June 2, 2011
It has been about two years since I touched down on African soil, but yet it feels like I never left. This summer I am interning with International Relief and Development (IRD) in the beautiful country of Zimbabwe. After a fun-filled time in the DC area attending a weeklong orientation, I boarded my first flight on Saturday, May 23rd at around 6 pm and landed in my final destination of Harare, Zimbabwe at 1 am Monday morning. Phew! That was a long journey.
Some of the programs IRD implements in Zimbabwe include the Restoring Livelihoods – Strengthening Value Chains (REVALUE) program, which increases incomes of 8,550 farmers by focusing on the value chains of groundnuts, sesame, sugar beans and paprika. IRD also started the Peri-Urban Rooftop Rainwater Harvesting (PROOF) program, which provides a medium-term solution to the critical safe water supply problem faced by some high-density area municipalities in Zimbabwe through the installation of rooftop rain water harvesting systems (RWHS). My work at IRD will mostly focus on examining the impacts of the REVALUE program on orphans and vulnerable children (OVC).
My first full week in Harare has been relatively calm. I have spent most of my days reading background material on the REVALUE program and learning more about the plight of OVC’s in Zimbabwe. The HIV/AIDS crisis in Zimbabwe has led to an exponential increase of double and single orphans in the country and I am hoping that by the end of my time here, I will have contributed important information to help drive future programs that will focus on improving the welfare and development of these children. My first full immersion to the Zimbabwean people came on a Sunday when I planned to attend an ordinary Sunday mass only to find the local parish had planned a day full of activities and celebrations to mark the feast day of their patron. It was really a memorable experience seeing people singing and dancing with so much joy; it felt like I was back at home in Nairobi. The church had planned several activities including lunch, an auction, a football (soccer) match, and an HIV/AIDS awareness talk that in my opinion was well received with laughter and understanding of the main message of choosing one sexual partner. Throughout the event I found myself spending the whole day practicing what little Shona (one of the main languages spoken here in Zimbabwe) I knew with locals and just enjoying good company and learning a local dance known as the borrowdale dance.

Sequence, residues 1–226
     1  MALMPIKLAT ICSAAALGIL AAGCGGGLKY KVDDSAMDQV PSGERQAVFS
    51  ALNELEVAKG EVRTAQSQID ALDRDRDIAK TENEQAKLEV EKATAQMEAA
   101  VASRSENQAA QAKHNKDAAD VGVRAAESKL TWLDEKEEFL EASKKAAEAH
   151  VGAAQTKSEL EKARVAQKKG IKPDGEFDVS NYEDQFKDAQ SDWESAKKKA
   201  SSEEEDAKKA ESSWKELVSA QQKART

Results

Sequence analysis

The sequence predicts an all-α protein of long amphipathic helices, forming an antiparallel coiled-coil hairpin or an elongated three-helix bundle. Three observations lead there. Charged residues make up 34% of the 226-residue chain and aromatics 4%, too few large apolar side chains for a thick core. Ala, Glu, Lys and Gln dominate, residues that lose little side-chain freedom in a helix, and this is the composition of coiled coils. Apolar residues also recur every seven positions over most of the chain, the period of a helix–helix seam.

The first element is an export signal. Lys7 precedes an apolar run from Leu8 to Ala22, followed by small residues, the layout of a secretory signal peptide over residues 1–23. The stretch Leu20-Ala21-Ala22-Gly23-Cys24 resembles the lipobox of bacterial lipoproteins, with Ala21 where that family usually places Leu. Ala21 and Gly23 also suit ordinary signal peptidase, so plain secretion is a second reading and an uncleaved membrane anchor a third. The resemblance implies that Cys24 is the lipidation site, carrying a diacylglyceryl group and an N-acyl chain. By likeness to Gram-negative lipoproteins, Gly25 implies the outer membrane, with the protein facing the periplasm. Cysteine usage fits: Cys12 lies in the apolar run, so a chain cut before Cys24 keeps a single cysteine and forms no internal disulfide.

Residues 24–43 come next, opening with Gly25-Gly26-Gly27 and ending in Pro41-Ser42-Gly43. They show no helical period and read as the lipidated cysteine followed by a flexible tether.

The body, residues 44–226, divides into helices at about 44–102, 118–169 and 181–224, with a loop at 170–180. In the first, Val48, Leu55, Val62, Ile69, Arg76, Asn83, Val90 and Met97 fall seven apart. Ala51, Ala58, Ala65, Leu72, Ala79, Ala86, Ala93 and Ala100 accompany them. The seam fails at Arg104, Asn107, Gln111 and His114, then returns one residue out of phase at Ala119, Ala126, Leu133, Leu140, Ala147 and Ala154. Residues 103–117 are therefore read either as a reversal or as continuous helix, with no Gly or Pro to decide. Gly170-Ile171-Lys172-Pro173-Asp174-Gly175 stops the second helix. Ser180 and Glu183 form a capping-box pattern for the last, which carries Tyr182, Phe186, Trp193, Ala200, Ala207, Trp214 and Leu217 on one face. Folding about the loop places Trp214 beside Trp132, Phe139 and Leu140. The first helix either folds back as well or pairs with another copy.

To aid in understanding the life of OVC’s in Zimbabwe, Dr. Reneth Mano, a colleague in the IRD office, suggested a visit to the Chiedza Child Care Center, a community-based organization that runs a unique day program focusing on OVC’s from the high density area of Mbare in Harare. They usually have about 1,500 children walk through their doors, coming for rehabilitation or after school activities. The center also sponsors basic health assessments of children with 8 primary schools in the area and organizes referrals to the hospitals for children who are in need of further medical attention. My brief description does no justice to the type of work they do in Chiedza but it definitely provides a safe haven to children in need of care.
This time next week the plan is to join those out in the field in Buhera district to carry out the survey to determine the welfare of OVC’s. As I sit here in Harare, I eagerly await meeting more of the Zimbabwean people and experiencing their culture—and of course enjoying the lush landscape that the region is known for.
Until then take care and God bless.